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POLICY: Will infrastructure issues scuttle the VA idea?

Dave Moskowitz’s idea of using the VA as a public provision system to cover the uninsured has got a little bit of feedback. While some of you wonks might be thinking as I do that the VA would be overwhelmed as employers opted out of providing insurance if the VA (or would it now be the UA?) did a half decent job of providing care for free, Linkmeister Steve has a much more mundane objection. It surrounds of course the most important element of American life — parking. Steve writes:

It’s an interesting idea, using the VA to cover the uninsured. But I wonder if that $100B includes such prosaic things as parking. Here’s the VA 7/03 factsheet for Hawaii VA facilities. The Matsunaga clinic is located at Tripler Army Medical Center , which is a huge facility with about 500-750 parking stalls. I can speak from unpleasant experience that that ain’t enough. I doubt whether most VA facilities, particularly non-urban ones, are as large and as well-appointed or supplied with even that sort of infrastructure.

Additionally, Tripler has sentries (well, private rent-a-cops…why our military has to contract out that function is the subject of another article), and access is limited to the number of people who have military ID cards and a legitimate reason to go through. I have to flash my mother’s card AND her written prescription to pass muster.

I’m just sayin’ it would require a lot of mundane planning.

To which Dave replies:

Security should not be a problem for the public, given the added security the public is already used to in airports, museums, and government office buildings. It also represents a wonderful way to employ people getting off Welfare, i.e. expanding security is already a great jobs program for the government.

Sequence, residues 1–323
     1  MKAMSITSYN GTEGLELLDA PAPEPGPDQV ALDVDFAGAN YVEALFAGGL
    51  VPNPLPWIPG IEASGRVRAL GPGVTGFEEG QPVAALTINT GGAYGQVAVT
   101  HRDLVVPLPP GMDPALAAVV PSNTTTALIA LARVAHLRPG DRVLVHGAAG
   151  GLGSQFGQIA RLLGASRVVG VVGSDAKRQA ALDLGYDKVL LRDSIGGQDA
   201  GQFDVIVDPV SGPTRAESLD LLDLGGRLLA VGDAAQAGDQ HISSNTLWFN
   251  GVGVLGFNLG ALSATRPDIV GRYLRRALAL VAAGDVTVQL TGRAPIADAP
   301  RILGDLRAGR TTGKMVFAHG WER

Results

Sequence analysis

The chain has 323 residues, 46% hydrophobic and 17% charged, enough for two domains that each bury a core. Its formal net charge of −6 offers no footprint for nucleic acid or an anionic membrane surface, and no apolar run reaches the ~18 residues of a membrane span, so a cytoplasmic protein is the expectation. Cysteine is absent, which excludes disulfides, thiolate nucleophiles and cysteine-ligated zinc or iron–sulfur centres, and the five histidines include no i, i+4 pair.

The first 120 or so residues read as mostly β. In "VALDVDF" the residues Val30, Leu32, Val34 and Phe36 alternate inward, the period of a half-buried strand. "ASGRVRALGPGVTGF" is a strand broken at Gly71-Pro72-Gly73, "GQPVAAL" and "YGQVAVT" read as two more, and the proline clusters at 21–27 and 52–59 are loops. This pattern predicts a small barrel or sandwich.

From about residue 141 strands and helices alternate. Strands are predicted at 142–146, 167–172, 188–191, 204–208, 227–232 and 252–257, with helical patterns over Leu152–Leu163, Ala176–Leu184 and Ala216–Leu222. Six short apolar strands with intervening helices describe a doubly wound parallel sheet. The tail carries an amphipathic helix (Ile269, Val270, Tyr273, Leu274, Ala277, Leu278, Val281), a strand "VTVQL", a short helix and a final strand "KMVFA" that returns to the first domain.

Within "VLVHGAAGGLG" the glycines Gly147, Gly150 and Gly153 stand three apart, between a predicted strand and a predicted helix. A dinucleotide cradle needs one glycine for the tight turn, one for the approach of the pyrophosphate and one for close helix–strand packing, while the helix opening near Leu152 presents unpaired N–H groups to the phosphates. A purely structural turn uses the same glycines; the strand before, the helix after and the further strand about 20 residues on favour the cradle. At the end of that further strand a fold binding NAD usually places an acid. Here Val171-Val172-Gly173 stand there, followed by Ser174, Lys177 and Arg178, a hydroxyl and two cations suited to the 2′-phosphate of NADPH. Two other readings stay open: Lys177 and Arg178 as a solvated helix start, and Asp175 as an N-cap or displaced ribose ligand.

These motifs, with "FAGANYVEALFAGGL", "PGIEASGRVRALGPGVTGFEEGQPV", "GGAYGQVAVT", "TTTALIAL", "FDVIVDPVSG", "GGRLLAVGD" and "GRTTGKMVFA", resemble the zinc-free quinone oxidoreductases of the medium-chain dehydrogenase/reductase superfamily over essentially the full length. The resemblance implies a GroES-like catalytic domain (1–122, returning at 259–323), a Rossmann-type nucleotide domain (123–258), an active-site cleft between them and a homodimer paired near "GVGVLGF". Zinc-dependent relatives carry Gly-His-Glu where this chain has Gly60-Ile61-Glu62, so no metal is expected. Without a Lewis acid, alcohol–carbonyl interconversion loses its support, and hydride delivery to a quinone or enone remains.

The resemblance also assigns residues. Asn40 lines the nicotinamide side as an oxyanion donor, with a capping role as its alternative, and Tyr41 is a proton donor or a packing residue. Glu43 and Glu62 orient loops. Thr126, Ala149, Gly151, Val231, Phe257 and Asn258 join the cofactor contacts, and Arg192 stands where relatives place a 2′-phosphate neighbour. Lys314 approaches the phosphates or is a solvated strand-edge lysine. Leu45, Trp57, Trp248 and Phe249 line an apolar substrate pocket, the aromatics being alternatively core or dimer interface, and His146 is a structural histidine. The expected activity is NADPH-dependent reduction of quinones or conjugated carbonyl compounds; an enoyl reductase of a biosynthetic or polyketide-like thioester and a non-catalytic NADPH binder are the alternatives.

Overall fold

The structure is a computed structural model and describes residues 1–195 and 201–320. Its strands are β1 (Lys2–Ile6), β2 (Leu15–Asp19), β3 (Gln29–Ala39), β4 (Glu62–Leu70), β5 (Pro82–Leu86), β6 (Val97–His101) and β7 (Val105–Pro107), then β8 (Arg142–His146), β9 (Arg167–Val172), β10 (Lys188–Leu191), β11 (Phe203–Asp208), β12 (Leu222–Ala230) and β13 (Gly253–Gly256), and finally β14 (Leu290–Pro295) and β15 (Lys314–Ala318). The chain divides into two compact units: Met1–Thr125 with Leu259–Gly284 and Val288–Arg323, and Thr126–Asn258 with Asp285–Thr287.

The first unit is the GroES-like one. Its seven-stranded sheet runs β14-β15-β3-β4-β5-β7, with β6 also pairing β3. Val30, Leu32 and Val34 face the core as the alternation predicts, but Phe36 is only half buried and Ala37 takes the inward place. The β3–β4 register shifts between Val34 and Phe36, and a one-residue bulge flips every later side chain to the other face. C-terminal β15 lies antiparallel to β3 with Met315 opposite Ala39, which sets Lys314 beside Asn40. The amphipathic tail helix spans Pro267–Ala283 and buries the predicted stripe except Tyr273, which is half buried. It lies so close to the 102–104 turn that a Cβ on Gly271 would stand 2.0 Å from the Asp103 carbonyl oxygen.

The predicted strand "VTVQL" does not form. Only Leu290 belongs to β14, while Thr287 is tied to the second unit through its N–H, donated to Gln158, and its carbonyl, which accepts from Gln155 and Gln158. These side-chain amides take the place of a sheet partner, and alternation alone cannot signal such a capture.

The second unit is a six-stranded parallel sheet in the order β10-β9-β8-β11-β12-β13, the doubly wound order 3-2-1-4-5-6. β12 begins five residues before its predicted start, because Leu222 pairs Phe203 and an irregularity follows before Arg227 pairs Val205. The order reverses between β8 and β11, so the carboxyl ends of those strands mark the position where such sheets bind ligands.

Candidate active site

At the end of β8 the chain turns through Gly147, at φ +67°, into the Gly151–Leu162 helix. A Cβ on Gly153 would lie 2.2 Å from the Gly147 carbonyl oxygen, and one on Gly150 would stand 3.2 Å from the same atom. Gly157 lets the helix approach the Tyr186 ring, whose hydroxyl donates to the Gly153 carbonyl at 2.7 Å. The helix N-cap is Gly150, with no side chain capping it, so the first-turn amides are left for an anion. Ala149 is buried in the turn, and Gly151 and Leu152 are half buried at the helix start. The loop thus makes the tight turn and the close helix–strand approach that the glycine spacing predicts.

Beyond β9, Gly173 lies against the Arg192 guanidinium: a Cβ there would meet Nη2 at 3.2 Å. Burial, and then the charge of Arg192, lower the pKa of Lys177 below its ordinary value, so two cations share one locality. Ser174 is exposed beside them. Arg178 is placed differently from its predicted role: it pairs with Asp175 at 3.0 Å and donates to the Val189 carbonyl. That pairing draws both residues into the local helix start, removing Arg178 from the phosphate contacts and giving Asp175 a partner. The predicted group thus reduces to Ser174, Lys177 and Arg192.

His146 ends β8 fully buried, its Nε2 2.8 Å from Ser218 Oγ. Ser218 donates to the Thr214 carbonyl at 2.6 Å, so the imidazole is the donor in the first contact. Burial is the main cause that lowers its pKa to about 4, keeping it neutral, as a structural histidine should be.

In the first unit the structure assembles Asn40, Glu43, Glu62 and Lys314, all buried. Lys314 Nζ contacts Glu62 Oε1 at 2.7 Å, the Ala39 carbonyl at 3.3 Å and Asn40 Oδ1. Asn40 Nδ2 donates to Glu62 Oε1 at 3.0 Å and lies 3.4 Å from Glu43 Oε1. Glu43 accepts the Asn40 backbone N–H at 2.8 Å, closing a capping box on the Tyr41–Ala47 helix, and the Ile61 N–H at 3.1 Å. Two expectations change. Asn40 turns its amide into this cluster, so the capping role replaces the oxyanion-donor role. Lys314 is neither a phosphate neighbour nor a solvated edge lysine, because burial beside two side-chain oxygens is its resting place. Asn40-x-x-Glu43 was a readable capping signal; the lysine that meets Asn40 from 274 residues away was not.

So there might be some additional expenses for security, but I would think they could legitimately come out of the Dept of Homeland Security (DHS) budget and not out of the US PHS’s budget. At Trippler, the base would just need to apply for extra funding from DHS, if the Pentagon’s budget was too constrained to help (a bit unlikely given the current climate). DHS and the military are already extremely well intertwined. And the US PHS, one needs to remember, is a uniformed service within the Coast Guard, if I’m not mistaken, making it already eligible for DHS funds.

As for parking, the VA has a terrific shuttle and bus system which is utilized well below capacity. In St. Louis, for example, there’s a daily bus to and from the outlying cities 200-300 miles away. The bus seats 60 but never has more than a dozen riders. So if people were worried about finding a parking space in the big city, they could just take the shuttle. For people living in the big city, they would just need to hop a bus to the nearest VA. The medical centers are all located in the center of the city, exactly where the uninsured people are.

So given that Dave thinks that parking isn’t a problem and that the VA Medical Centers are well located near to the uninsured, there are only two questions remaining before I put Dave in charge of the VA in my new adminstration (assuming I win the write-in vote a week from now!).

One: Is the Congress (or anyone else) prepared to front up the extra money required to cover the uninsured, even if it doesn’t require a new institution?

Two: In the year 2004, 50 years on from Brown versus Board of Education of Topeka is “separate but sort of equal” the best we can do in American health care — even if it is better than the current status quo?

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